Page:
Skip to content, or skip to search.

Skip to content, or skip to search.

The World of Warhol

'He sure was famous," Paul Morrissey remarked the day after Warhol's death. In the late sixties, Paul Morrissey directed Warhol's films—and managed his business. And yet, as the articulate director talked, it was almost as if he were realizing, for the first time, that Andy Warhol was even more famous than he had always wanted to be.

Paul Morrissey wasn't the only close friend to be surprised by the torrent of good feeling that suddenly surrounds the name of the man who, for the last decade, was widely regarded as nothing more than New York's most ubiquitous partygoer. Paradoxically, it took death—for Warhol, the ultimate act of conceptual art—to focus, frame, and fix his ever-changing image.

That paradox is only the first of many surrounding Warhol. He is probably best known for his epigram "In the future, everyone will be world-famous for fifteen minutes," yet he managed to extend his own fame by almost a quarter of a century. His name is associated with the drug taking and sexual promiscuity of the sixties—but for the last five years of his life, he worked out at least three times each week and was home most nights by eleven. He created a life for himself that was more regular than a railroad conductor's—and complained to friends that things were not fun. He was, for the last decade, the CEO of a multi-million-dollar enterprise—and he both loved that business for providing him with a family and hated the burden that it represented. And, most of all, he was a painter in the great romantic tradition who hid his real seriousness under a wig that he dyed platinum.

"If I go into a hospital," he told friends, "I won't come out. I won't survive another operation."

The creation of the persona that we know as "Andy Warhol" may not be, as some are saying, his greatest artistic achievement, but it was certainly his first priority. "If you wear a wig, everybody notices," he explained to a friend. "But if you then dye the wig, people notice the dye." That was basic Warhol—work with the surface, go for the joke, deflect attention from whatever there is about you that's unattractive.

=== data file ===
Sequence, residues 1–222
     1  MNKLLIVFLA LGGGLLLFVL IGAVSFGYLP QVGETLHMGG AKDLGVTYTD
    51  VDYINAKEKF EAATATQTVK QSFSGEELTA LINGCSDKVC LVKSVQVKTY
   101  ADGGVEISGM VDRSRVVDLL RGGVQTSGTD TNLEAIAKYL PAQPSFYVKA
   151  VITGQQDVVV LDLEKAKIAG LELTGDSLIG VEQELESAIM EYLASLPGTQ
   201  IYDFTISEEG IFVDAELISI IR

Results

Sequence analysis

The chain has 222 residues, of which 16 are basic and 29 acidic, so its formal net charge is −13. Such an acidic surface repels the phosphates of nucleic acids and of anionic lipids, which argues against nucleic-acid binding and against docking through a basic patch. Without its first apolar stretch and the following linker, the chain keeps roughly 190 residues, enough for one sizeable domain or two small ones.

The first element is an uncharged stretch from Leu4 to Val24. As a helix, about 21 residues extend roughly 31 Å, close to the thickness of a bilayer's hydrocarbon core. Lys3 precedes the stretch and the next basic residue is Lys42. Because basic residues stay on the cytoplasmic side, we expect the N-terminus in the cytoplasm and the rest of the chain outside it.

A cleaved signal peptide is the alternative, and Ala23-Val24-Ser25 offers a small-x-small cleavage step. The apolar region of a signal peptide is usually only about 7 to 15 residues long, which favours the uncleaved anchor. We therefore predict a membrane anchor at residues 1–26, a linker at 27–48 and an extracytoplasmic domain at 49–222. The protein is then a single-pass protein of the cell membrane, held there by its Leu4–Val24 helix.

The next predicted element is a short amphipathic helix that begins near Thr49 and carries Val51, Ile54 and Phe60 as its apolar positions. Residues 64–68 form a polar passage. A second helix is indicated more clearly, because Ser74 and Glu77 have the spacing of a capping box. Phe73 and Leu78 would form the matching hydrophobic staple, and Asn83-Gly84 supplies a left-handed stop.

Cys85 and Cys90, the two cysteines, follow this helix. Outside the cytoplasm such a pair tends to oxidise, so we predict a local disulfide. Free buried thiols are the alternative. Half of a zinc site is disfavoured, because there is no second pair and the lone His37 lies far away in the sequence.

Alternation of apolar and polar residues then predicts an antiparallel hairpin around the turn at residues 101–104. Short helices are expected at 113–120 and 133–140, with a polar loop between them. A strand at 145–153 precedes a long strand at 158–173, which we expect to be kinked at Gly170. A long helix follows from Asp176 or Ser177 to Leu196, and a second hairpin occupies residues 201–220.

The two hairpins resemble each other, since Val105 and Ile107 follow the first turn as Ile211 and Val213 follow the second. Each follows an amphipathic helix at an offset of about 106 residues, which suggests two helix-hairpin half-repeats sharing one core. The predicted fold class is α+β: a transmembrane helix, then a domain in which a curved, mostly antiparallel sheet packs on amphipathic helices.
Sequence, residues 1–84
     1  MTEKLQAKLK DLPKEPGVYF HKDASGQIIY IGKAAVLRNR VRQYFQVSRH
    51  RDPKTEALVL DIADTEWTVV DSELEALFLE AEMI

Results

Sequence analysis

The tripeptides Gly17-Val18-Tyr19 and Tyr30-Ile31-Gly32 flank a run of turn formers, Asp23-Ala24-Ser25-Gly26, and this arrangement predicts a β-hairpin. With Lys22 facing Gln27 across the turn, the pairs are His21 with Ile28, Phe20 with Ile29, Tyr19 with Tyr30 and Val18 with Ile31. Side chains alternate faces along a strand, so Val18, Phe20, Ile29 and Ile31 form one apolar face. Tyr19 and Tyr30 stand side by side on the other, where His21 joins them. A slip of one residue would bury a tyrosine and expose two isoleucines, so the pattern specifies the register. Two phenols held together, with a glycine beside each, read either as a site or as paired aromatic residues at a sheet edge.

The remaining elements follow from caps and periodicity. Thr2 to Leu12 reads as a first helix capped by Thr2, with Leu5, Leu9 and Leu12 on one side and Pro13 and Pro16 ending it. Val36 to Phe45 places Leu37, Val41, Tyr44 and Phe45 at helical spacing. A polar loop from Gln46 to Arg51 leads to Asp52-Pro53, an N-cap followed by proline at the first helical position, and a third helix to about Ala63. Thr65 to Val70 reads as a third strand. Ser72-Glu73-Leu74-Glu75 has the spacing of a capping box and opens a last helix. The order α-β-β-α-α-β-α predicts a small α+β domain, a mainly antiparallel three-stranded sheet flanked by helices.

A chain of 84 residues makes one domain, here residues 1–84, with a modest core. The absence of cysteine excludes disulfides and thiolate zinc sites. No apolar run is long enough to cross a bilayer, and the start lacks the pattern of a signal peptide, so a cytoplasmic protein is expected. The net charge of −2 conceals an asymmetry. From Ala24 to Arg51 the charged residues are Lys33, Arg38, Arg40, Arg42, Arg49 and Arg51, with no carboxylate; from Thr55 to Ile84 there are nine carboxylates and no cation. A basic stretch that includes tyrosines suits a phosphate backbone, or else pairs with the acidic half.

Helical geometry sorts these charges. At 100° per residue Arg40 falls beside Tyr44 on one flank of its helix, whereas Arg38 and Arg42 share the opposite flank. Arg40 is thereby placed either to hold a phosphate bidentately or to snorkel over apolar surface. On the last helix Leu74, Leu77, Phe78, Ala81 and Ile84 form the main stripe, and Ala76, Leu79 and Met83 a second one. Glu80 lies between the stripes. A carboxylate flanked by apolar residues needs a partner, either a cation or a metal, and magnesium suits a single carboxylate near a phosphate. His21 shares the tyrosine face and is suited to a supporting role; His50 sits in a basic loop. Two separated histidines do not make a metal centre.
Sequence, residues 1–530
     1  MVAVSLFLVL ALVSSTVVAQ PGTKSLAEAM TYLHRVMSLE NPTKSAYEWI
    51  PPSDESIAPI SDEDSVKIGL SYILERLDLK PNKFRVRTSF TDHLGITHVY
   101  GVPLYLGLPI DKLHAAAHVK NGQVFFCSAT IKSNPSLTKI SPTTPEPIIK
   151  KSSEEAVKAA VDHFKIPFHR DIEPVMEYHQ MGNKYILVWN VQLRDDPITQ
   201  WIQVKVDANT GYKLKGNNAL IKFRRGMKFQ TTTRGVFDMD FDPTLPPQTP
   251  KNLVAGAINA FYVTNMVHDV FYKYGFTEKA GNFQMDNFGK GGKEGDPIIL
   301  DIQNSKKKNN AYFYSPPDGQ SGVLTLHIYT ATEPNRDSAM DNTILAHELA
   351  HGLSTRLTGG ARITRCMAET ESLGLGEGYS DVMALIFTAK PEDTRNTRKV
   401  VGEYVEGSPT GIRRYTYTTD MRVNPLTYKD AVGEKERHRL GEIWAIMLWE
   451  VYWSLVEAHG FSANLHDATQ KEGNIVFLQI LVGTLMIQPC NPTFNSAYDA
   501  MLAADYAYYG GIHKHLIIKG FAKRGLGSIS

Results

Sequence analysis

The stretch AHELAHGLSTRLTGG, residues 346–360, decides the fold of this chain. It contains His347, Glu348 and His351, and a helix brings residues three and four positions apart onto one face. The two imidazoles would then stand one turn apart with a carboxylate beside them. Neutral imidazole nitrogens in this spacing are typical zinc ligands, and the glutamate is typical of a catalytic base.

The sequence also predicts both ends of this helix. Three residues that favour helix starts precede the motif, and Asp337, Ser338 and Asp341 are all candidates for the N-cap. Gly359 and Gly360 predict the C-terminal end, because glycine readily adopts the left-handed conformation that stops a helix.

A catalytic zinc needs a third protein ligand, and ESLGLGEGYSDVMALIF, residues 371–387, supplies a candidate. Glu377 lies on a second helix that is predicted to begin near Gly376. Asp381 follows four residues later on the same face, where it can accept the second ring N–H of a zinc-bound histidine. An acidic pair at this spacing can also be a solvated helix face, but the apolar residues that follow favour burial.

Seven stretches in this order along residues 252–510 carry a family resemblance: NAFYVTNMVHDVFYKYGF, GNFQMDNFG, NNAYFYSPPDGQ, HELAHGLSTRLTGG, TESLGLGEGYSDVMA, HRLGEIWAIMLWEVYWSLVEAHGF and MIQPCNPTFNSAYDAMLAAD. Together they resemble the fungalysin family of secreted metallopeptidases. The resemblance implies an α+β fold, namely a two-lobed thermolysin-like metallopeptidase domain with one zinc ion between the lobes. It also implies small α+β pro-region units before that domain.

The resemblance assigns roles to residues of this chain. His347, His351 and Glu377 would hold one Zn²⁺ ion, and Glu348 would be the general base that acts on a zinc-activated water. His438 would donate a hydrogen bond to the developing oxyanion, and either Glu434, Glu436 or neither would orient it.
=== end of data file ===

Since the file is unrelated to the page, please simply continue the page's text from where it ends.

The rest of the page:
As a result, when we think of Warhol's art, we think first of the silk-screened Campbell's soup cans; Brillo boxes; multiple images of Marilyn Monroe. The creator of that art always made his work seem easy—something that could be run off by assistants while the most widely known artist since Picasso was out becoming more famous. But Warhol was more than a prankster who, perversely, exalted the most banal images of American commerce. With Lichtenstein and Rauschenberg, Warhol created art that defines the glossy superficiality, manic denial of feelings and process, and underlying violence of the sixties. In the seventies, Warhol almost single-handedly revived portrait painting. And in this decade, he took his ubiquitous camera—which many clubgoers regarded as nothing more than a social prop—and made a triumphant debut as a photographer.

One of his achievements has seeped so deeply into American culture that it's hard to remember a time when it wasn't here: Andy Warhol connected art to fashion and to business. In the media, he simply saw no distinction between advertising art and editorial art—except to note how much better advertisements and commercials usually looked than the articles and television shows that surrounded them. At Interview, and in his own work, Warhol blurred the traditional distinctions and encouraged the young photographers and artists he hired to break boundaries, too. The result was a graphics explosion that helped revive New York as the world capital of hard-edged style.

Warhol's love of change, his willingness to experiment, and his remarkable productivity created yet another paradox—he was as influential in other fields as he was as a painter. The films he made in the sixties are, deliberately, remarkably boring. They have no story, no camera movement, and no apparent direction. They're rarely seen now, and yet they're clearly an influence on such promising new directors as Jim Jarmusch. In that same period, Warhol was the godfather of a music scene that produced the Dom, a multimedia dance club that was the model for all others. Warhol's silver-foiled "Factory," with its hangers-on, poseurs, and amphetamine addicts, also produced the Velvet Underground, the group that invented punk rock twenty years too early; when they performed in Los Angeles, with Gerard Malanga doing his whip dance in tight leather pants, a young Jim Morrison was there to watch and learn. A decade later, David Byrne went to school on Warhol's deliberately opaque image and, for both the Talking Heads and his films, devised the postmodern equivalent of Warhol's blank, flat-affect persona.

Not many artists would welcome such appropriation or applaud the fortunes that the second generation made. But Warhol was delighted to see any new talent succeed. Whenever Interview's editor, Gael Love, had trouble deciding on someone for the cover, Warhol would say, "Oh, just use any young person." Without doubt, he loved youth because the young weren't concerned with the three subjects he dreaded most: age, illness, and death. But he also loved the ideas and styles that they were creating—and that he could use.